In either case, if you now run git stash apply, the stash script (it’s a shell script that uses a lot of low level git “plumbing” commands) effectively2 does this:

git diff stash^ stash > /tmp/patch
git apply /tmp/patch

This diffs stash, which names w—the “work tree” part of the stash—against the correct3 parent. In other words, it finds out “what you changed” between the proper parent commit (C or Z, as appropriate) and the stashed work-tree. It then applies the changes to the currently-checked-out version, which is either E or M, again depending on where you started.

Incidentally, git stash show -p really just runs that same git diff command (with no > /tmp/patch part of course). Without -p, it runs the diff with --stat. So if you want to see in detail what git stash apply will merge in, use git stash show -p. (This won’t show you what git stash apply can attempt to apply from the index part of the stash, though; this is a minor gripe I have with the stash script.)

In any case, once the stash applies cleanly, you can use git stash drop to remove the reference to the stash-bag, so that it can be garbage-collected. Until you drop it, it has a name (refs/stash, aka stash@{0}) so it sticks around “forever” … except for the fact that if you make a new stash, the stash script “pushes” the current stash into the stash reflog (so that its name becomes stash@{1}) and makes the new stash use the refs/stash name. Most reflog entries stick around for 90 days (you can configure this to be different) and then expire. Stashes don’t expire by default, but if you configure this otherwise, a “pushed” stash can get lost, so be careful about depending on “save forever” if you start configuring git to your liking.

Note that git stash drop “pops” the stash stack here, renumbering stash@{2} to stash@{1} and making stash@{1} become plain stash. Use git stash list to see the stash-stack.

1It’s not bad to go ahead and commit them anyway, and then do a later git rebase -i to squash or fixup further second, third, fourth, …, nth commits, and/or rewrite the temporary “checkpoint” commit. But that’s independent of this.

2It’s a fair bit more complex because you can use --index to try to keep staged changes staged, but in fact, if you look in the script, you’ll see the actual command sequence git diff ... | git apply --index. It really does just apply a diff, in this case! Eventually it invokes git merge-recursive directly, though, to merge in the work tree, allowing the same changes to have been brought in from elsewhere. A plain git apply would fail if your patch does something the “good stuff” commits D and E also does.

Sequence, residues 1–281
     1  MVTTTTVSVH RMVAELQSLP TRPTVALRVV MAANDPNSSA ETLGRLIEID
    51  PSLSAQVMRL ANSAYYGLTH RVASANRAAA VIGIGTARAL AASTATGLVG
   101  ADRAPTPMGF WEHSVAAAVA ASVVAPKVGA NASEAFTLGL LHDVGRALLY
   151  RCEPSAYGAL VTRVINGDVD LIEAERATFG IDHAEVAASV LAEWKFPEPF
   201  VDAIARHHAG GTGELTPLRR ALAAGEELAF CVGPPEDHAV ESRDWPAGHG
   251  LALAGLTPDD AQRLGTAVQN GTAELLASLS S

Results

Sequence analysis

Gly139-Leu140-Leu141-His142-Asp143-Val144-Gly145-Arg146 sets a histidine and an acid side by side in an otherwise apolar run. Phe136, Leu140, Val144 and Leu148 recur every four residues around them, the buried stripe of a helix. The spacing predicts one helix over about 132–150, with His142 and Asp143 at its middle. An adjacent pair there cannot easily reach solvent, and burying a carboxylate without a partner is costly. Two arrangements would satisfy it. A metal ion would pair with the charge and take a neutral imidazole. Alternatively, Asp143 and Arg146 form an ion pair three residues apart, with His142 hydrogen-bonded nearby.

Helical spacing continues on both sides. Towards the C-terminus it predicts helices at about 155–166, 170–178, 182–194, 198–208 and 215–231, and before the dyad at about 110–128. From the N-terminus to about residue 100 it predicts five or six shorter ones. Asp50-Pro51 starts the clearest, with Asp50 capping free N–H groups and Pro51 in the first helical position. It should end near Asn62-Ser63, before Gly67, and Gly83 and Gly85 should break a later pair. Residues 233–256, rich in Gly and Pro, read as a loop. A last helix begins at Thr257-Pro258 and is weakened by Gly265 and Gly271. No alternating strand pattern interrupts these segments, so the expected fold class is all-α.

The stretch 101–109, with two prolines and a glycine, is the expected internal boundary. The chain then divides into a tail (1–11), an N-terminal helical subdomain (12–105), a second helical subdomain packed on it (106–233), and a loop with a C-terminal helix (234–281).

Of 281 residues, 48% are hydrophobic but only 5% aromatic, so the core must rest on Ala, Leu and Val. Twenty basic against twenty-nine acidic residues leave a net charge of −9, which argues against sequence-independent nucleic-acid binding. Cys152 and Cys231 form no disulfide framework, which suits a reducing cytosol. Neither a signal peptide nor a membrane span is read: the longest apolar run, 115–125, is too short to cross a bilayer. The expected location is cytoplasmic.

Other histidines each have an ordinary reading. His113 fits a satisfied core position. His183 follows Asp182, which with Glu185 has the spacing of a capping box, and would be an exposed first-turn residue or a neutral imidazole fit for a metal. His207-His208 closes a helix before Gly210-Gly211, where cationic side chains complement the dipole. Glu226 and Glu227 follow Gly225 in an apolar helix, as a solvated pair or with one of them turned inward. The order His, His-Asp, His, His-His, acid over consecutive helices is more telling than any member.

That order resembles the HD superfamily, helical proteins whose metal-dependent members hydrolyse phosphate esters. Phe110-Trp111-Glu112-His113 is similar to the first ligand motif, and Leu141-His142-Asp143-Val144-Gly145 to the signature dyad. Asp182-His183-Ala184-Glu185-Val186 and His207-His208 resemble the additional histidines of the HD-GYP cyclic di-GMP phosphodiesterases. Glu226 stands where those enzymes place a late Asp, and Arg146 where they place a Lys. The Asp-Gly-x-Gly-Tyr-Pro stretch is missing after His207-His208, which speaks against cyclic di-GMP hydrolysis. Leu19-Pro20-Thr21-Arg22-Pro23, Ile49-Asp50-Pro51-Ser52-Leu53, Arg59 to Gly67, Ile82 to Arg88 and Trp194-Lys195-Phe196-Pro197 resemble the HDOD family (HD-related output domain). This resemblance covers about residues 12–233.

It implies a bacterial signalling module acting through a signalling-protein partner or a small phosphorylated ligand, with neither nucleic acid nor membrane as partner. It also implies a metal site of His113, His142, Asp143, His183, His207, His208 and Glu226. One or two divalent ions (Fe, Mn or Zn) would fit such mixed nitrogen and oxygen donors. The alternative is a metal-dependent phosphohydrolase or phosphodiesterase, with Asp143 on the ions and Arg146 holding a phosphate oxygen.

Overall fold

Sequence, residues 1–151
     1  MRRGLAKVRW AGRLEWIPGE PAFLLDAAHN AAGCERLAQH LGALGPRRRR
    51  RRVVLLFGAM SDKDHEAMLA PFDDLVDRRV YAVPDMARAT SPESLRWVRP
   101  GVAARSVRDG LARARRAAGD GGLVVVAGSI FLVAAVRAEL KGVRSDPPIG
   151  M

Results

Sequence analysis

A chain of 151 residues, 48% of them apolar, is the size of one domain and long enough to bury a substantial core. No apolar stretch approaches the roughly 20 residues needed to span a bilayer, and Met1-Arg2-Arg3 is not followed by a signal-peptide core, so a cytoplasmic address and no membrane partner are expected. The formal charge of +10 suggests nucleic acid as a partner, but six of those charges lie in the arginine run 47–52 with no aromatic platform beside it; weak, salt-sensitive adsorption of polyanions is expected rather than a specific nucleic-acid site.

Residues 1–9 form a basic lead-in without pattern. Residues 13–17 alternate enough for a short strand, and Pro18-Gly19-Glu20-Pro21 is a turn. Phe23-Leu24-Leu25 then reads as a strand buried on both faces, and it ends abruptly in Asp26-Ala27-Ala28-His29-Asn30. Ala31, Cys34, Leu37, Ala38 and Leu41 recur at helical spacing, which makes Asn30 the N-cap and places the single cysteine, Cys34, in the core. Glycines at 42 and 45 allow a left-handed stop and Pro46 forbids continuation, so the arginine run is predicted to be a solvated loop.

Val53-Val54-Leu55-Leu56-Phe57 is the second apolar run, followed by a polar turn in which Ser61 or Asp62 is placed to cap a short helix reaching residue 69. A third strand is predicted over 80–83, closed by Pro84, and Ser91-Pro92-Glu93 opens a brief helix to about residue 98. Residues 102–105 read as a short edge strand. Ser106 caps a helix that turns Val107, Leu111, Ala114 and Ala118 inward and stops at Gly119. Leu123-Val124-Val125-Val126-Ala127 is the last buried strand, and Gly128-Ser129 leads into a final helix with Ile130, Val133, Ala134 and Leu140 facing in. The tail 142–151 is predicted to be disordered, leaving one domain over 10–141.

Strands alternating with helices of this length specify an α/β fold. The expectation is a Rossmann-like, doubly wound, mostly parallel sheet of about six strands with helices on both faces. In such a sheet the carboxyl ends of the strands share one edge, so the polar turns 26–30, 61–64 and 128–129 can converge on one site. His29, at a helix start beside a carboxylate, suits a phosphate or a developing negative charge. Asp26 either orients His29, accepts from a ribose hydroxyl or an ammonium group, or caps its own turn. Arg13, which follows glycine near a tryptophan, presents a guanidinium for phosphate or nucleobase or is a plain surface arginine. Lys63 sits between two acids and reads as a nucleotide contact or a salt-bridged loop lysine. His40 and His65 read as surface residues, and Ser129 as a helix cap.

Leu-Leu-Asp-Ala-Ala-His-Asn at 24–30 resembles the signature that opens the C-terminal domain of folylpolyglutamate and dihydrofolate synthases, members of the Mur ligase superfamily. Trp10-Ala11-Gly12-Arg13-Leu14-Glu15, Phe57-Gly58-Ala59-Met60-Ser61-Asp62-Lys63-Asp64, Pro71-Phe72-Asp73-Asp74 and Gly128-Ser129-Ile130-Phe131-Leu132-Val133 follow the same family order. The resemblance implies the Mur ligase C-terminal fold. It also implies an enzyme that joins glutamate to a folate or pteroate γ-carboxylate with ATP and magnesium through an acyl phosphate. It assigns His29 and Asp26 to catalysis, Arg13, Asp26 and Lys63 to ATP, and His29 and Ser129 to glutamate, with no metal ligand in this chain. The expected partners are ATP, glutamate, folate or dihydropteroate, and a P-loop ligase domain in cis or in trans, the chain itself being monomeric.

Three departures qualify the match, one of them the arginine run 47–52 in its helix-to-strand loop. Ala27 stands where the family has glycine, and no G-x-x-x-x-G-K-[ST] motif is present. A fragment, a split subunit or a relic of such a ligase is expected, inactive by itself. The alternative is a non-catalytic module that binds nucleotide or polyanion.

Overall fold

3This uses git’s parent-naming magic syntax, with a little advance planning inside the stash script. Because the stash is this funky merge commit, w has two or even three parents, but the stash script sets it up so that the “first parent” is the original commit, C or Z, as appropriate. The “second parent” stash^2 is the index state at the time of the commit, shown as i in the little hanging stash-bag, and the “third parent”, if it exists, is unstaged-and-maybe-ignored files, from git stash save -u or git stash save -a.

Note that I assume, in this answer, that you have not carefully staged part of your work-tree and that you are not using git stash apply --index to restore the staged index. By not doing any of this, you render the i commit pretty much redundant, so that we need not worry about it during the apply step. If you are using apply --index or equivalent, and have staged items, you can get into a lot more corner cases, where the stash won’t apply cleanly.

These same caveats apply, with yet more corner cases, to stashes saved with -u or -a, that have that third commit.

For these extra-hard cases, git stash provides a way to turn a stash into a full-fledged branch—but I’ll leave all that to another answer.